Sinclair v. Domb Lighting & Elec. Supply Co., 2009 WL 1118813 (App. Div., April 28, 2009) – In this NJLAD case, the plaintiff challenged the trial court’s conclusion that he was required to prove the existence of a reasonable accommodation for his disability, arguing that the employer’s failure to engage in the interactive process to find an accommodation was sufficient to establish his prima facie case. 

The Appellate Division rejected the plaintiff’s contention, ruling that without evidence that his disability could be reasonably accommodated, the plaintiff failed to establish that he was a “qualified individual” for the job. There is a distinction, the court said, between the employer’s legal duty to find a reasonable accommodation at the time a plaintiff requests one, and the burdens of proof at trial. When a plaintiff initially requests an accommodation, he need not state what specific accommodation he is seeking, as the employer is in a better position to know what accommodations can reasonably be made. In litigation, however, the employee can and must establish what the employer could have done to accommodate his specific needs. This requirement is “equivalent to placing the burden on any plaintiff in a lawsuit to prove that he actually was damaged by the defendant’s unlawful conduct.”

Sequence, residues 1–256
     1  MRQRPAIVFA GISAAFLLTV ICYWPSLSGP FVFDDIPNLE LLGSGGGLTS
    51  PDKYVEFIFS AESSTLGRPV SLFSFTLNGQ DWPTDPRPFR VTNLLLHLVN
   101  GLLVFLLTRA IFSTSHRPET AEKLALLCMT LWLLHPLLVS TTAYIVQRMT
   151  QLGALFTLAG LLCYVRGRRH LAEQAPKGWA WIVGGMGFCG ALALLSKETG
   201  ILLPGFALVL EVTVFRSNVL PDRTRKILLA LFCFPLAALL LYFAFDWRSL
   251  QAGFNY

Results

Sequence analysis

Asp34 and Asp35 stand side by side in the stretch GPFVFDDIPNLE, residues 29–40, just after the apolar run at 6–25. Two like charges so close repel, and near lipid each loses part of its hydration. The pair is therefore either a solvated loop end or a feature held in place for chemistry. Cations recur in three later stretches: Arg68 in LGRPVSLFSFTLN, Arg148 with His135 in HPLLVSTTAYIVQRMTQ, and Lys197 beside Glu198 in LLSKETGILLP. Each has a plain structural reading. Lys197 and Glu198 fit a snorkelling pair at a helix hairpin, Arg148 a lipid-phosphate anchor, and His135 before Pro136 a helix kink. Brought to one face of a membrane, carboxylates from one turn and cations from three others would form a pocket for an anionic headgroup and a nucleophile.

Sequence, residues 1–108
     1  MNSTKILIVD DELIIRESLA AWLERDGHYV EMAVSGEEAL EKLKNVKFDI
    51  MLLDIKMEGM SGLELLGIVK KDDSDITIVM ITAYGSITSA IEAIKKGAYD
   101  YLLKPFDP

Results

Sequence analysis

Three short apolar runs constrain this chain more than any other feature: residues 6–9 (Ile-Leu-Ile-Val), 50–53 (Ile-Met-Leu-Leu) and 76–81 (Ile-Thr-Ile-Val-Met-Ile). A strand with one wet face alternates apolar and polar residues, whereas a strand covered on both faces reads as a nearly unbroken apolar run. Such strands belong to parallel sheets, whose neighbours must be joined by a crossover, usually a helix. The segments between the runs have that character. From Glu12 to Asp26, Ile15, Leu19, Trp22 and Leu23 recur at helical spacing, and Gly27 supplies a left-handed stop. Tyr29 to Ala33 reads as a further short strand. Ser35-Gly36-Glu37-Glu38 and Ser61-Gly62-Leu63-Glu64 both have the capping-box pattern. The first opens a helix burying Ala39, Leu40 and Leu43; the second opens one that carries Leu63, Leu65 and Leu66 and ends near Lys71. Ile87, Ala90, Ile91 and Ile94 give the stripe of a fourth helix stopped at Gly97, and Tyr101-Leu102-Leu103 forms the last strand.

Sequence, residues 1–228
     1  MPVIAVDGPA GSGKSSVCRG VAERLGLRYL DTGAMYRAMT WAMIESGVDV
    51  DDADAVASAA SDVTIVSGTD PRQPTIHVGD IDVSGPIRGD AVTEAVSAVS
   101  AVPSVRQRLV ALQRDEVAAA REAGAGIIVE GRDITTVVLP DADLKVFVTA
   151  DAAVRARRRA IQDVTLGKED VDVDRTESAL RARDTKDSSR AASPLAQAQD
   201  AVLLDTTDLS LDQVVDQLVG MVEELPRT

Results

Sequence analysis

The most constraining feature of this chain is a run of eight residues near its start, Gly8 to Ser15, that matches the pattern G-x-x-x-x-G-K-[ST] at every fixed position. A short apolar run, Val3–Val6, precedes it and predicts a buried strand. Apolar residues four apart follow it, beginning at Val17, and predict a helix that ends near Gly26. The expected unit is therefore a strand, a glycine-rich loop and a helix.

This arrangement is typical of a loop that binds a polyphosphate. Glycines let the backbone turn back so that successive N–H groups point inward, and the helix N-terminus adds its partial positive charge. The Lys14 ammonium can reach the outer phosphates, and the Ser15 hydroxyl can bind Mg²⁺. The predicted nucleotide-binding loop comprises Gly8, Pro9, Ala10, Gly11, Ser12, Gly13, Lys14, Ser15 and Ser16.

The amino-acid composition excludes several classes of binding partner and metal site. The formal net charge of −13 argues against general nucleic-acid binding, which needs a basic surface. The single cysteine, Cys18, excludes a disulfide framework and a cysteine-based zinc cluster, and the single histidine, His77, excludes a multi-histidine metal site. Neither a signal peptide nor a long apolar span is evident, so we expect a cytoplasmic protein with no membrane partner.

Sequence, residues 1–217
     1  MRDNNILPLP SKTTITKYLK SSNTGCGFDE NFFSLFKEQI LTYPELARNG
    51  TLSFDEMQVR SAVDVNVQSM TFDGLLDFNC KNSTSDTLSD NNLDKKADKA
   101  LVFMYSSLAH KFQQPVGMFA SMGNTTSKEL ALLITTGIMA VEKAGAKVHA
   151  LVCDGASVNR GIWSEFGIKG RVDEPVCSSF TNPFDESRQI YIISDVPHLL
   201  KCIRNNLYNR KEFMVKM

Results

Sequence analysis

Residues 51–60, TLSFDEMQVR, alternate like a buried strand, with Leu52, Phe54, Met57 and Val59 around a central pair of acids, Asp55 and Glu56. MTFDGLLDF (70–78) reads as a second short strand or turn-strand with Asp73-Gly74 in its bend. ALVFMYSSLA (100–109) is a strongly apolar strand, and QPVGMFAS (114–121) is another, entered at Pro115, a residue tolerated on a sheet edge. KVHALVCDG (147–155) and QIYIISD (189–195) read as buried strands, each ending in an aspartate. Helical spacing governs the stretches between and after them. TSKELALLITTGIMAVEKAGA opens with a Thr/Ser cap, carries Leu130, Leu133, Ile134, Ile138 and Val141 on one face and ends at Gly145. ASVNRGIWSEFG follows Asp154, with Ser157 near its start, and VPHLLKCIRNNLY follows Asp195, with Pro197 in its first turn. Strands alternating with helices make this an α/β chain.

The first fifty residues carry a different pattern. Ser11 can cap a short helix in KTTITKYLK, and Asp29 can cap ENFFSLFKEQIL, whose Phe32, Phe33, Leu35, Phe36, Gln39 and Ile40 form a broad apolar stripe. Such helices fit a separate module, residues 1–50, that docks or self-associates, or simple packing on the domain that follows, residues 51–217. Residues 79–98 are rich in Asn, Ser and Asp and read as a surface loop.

Note: This article was published in the May 2009 issue of the New Jersey eAuthority.


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